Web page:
Malloy objected to the use of the town clerk as the decision maker.
“The bedrock of our electoral system is the election of two registrars of voters, one from each major party, to oversee each other,” Malloy said in his veto message. “This balance provides the public with confidence that our elections are administered freely and fairly and without the undue influence of politics. Allowing a third municipal official, who is also a partisan elected official in the overwhelming number of instances in our state, tilts the scales in favor of that official’s political party and potentially leads to the destruction of public faith in our electoral system.”
It’s unclear whether there is any support for an override.
The fifth bill Malloy vetoed involved oversight of the Department of Children and Families.
The bill, SB 188, would have increased the membership on the State Oversight Council on Children and Families from 19 to 25, and expanded and modified the council’s duties, including requiring it to monitor, track, and evaluate the DCF’s policies and practices related to child and youth safety, permanency, and well-being.
Malloy vetoed the bill because it overreached into the Executive Branch.
“The Oversight Council replaces an existing executive branch advisory council with a body that is legislative and whose responsibilities are to oversee the operations of an executive branch agency. The bill also mandates that the Oversight Council monitor the agency budget track and evaluate all DCF policies and progress, including the requirement to implement the recommendations of the Oversight Council,” Malloy said in his veto message. “Senate Bill 188 represents significant interference with the orderly conduct of the essential functions of the executive branch.”
The bill passed the Senate 33-3 and the House 142-6.
It’s unclear if there is support for an override.
The sixth bill Malloy vetoed would require the Department of Emergency Services and Public Protection to create and maintain a publicly available registry of individuals who are convicted, or found not guilty by reason of mental disease or defect, of certain animal abuse crimes.
The bill, SB 523, passed the Senate 36-0 and the House 138-12.
Malloy vetoed the bill because he said it would have the opposite impact on animal abuse.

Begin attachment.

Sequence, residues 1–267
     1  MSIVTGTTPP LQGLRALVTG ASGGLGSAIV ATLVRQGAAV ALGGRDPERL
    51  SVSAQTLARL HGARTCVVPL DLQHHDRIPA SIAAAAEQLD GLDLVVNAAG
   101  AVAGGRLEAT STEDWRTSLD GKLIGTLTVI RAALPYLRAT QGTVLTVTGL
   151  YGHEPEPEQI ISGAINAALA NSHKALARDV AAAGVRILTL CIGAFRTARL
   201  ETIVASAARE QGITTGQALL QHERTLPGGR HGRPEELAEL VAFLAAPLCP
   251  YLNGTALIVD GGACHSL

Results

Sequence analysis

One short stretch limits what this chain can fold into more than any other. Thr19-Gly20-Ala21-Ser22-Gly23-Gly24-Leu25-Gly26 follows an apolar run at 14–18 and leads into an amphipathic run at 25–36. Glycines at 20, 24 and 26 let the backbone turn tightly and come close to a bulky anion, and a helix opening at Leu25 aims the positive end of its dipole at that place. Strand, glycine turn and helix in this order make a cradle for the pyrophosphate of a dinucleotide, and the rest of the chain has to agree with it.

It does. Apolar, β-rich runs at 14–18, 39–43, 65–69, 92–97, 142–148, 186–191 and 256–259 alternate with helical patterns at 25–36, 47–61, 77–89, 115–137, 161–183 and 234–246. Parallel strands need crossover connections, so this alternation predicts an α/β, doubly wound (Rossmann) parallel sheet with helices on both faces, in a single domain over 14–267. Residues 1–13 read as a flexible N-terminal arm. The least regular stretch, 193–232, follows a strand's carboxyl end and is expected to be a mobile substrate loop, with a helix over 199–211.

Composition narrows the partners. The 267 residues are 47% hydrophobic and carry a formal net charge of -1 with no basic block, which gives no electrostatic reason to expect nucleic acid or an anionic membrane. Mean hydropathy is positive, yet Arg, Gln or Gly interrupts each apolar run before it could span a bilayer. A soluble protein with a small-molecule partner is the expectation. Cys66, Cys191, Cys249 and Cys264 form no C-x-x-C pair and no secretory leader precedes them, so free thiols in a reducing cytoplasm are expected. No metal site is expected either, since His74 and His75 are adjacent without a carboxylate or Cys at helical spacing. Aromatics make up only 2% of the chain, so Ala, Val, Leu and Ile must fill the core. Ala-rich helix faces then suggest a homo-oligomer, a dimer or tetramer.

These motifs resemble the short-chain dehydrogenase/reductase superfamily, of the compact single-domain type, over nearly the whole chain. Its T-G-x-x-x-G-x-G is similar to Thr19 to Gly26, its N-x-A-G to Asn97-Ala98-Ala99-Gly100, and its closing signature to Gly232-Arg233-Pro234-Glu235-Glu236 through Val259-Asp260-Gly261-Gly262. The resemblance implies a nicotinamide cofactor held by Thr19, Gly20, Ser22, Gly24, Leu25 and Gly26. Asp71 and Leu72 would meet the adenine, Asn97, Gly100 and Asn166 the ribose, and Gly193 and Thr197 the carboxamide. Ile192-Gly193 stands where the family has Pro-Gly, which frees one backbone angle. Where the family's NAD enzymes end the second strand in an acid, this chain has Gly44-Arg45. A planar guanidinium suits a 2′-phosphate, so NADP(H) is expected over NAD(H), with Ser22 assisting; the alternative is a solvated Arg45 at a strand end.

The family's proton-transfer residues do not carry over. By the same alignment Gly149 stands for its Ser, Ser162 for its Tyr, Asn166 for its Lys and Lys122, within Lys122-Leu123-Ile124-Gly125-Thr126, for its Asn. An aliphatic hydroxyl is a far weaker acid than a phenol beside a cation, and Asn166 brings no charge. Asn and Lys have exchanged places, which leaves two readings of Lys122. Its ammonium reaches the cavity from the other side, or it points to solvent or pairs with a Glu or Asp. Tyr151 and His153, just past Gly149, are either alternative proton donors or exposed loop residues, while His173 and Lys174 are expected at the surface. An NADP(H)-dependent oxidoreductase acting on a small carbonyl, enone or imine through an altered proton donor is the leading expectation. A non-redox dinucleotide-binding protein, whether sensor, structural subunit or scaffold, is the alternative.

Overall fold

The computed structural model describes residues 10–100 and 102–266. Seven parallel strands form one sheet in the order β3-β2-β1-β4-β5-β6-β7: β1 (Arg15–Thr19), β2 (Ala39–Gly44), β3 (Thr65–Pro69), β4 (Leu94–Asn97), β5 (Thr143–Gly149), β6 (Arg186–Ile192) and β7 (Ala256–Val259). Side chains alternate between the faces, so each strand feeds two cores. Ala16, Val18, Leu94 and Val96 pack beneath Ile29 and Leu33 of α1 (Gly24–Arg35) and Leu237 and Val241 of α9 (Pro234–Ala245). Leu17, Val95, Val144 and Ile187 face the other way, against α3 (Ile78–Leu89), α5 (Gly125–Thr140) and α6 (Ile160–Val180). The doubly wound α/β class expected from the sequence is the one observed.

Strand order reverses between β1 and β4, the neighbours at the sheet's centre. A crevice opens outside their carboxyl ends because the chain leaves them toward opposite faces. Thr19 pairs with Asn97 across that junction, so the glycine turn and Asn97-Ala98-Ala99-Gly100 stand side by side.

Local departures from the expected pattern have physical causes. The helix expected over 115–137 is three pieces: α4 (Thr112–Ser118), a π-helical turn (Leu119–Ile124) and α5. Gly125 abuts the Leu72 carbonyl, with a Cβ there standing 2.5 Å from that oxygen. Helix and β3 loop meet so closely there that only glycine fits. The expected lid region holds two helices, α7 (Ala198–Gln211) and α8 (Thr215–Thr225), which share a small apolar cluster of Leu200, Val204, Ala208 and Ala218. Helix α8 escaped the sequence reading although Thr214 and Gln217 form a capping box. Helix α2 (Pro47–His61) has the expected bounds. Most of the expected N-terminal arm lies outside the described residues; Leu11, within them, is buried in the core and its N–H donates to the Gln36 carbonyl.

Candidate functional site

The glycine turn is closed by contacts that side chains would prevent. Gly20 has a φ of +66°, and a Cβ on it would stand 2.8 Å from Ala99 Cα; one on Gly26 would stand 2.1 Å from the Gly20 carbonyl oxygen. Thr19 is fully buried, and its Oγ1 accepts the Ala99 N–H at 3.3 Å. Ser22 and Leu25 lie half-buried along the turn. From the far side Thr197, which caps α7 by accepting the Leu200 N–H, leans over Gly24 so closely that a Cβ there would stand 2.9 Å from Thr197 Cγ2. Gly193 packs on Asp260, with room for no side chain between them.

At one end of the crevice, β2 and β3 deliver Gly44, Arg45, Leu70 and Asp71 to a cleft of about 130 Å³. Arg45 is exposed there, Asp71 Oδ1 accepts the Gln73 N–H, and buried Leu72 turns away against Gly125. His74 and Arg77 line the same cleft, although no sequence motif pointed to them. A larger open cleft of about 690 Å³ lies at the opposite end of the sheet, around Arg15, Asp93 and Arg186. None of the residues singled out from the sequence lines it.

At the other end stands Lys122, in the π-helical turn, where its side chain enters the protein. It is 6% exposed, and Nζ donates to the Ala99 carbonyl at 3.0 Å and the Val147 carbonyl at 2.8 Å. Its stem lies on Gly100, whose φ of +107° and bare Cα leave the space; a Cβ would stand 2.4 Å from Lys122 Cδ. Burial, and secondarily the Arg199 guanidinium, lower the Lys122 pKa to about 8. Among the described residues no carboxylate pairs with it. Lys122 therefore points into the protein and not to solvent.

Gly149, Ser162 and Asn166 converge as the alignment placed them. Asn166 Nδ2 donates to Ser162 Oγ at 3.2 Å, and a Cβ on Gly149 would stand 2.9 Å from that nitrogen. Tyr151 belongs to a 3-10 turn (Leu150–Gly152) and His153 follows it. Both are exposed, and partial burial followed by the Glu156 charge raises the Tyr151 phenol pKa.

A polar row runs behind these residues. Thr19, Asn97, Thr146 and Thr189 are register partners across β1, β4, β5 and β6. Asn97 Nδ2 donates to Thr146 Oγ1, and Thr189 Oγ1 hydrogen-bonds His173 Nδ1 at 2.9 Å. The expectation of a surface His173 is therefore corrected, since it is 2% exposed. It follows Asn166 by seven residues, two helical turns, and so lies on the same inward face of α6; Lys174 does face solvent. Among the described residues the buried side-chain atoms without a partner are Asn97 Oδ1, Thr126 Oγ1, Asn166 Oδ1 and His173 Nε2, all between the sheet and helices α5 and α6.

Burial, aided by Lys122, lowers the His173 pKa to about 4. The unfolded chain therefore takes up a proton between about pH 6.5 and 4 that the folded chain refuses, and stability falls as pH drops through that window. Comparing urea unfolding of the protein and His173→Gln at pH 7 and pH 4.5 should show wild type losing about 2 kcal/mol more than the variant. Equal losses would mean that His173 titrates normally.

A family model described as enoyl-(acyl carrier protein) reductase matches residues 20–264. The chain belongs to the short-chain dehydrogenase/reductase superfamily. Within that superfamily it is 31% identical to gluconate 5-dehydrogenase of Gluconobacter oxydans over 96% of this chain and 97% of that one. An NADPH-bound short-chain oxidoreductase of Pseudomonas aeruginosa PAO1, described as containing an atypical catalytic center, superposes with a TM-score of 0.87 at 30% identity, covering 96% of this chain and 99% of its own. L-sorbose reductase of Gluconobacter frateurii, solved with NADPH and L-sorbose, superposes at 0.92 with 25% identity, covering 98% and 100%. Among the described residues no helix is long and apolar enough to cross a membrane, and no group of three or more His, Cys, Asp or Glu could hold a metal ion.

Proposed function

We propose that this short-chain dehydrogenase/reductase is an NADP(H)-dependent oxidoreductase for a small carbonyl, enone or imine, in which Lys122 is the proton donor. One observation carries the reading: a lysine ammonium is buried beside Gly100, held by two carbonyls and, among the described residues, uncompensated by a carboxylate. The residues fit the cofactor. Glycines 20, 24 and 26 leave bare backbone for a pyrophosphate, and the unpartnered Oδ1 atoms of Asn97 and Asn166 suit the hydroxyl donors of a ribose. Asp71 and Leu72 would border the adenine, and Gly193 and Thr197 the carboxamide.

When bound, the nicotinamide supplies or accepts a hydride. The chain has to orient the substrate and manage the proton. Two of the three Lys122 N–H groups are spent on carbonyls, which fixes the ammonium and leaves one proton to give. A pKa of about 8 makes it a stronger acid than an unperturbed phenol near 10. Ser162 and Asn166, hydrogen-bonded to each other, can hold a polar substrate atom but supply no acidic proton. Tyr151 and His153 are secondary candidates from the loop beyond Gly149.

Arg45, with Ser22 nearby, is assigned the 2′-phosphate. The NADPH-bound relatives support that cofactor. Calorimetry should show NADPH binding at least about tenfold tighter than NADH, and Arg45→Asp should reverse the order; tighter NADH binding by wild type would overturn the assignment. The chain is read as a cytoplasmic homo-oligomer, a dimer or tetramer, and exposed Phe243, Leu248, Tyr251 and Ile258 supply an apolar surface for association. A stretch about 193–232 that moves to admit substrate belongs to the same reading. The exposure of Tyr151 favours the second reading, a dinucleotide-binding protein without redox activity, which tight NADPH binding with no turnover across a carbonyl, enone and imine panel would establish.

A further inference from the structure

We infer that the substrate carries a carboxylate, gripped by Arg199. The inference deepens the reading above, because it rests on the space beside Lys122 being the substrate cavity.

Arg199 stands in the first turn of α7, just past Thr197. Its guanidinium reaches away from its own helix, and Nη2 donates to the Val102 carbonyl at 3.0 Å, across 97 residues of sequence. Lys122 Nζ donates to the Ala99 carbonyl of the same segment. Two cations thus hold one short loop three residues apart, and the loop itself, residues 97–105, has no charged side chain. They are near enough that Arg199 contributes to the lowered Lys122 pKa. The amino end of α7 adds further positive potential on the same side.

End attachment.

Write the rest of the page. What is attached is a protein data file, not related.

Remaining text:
“Cruelty to animals is a serious issue and individuals found guilty of cruelty to animals should receive appropriate punishment,” Malloy said in his veto message. “I do not believe that an animal abuse registry accomplishes this goal. There is no conclusive evidence that online registries protect the public and in fact, such registries have unfortunately had the opposite effect.”
It’s the same argument the ASPCA has made in lobbying lawmakers to maintain the veto.
The last bill Malloy vetoed this year involved the bailout the state gave to the city of Hartford.
The bill, SB 528, would have allowed lawmakers to reconsider how much municipal aid it gives to Hartford in the sixth year of oversight by the state.
The Senate passed the bill 28-6 and the House passed the bill 105-45.
In his veto message, Malloy said the changes to the Hartford bailout are “a reflection of indignation on the part of some legislators” who were upset that the Municipal Accountability Review Board “exercised its statutory authority in coming to the aid of our capital city.”
The bill modifies previous legislation that created the Municipal Accountability Review Board and gave it the power to manage, to some degree, the city’s finances. The state agreed to pay Hartford’s bondholders $534 million over 20 years to help it avoid bankruptcy, but some lawmakers felt they should be able to lower other municipal aid if Hartford isn’t holding up its end of the bargain and reducing costs.
But that’s a hard ask of a city with little taxable property and a mill rate of 75.
Specifically, the debt service agreement basically means that the state — which has lately been providing about $270 million in aid to Hartford annually — is guaranteeing that the first $35 million or so for the city each year will go directly to Hartford’s bondholders for 20 years. However, the agreement was not a guarantee that the state will appropriate Hartford’s debt service payment in addition to other aid each year. The total amount of aid to Hartford would still be subject to legislative debate.
At a recent press event, Malloy said Connecticut is more reliant on cities for hospitals, colleges, and jobs than its smaller cities even though the tax structure is the same.
“We should not be closing a tool box with respect to those,” Malloy said. “And quite frankly anyone living in an urban area who would sign onto that Republican package should have their heads examined.”
It’s unclear where Democratic lawmakers stand on overriding this veto. Republican legislative leaders have said it’s necessary to override this one.
“The negotiated legislation would limit certain state assistance to Hartford to five years” rather than the 20 years stipulated in the deal, Senate Republican Leader Len Fasano, R-North Haven, said. “It also would prevent future bailout deals from being negotiated without legislative approval.”
Malloy, who is in his last year, has had five vetoes overturned in his eight years as governor.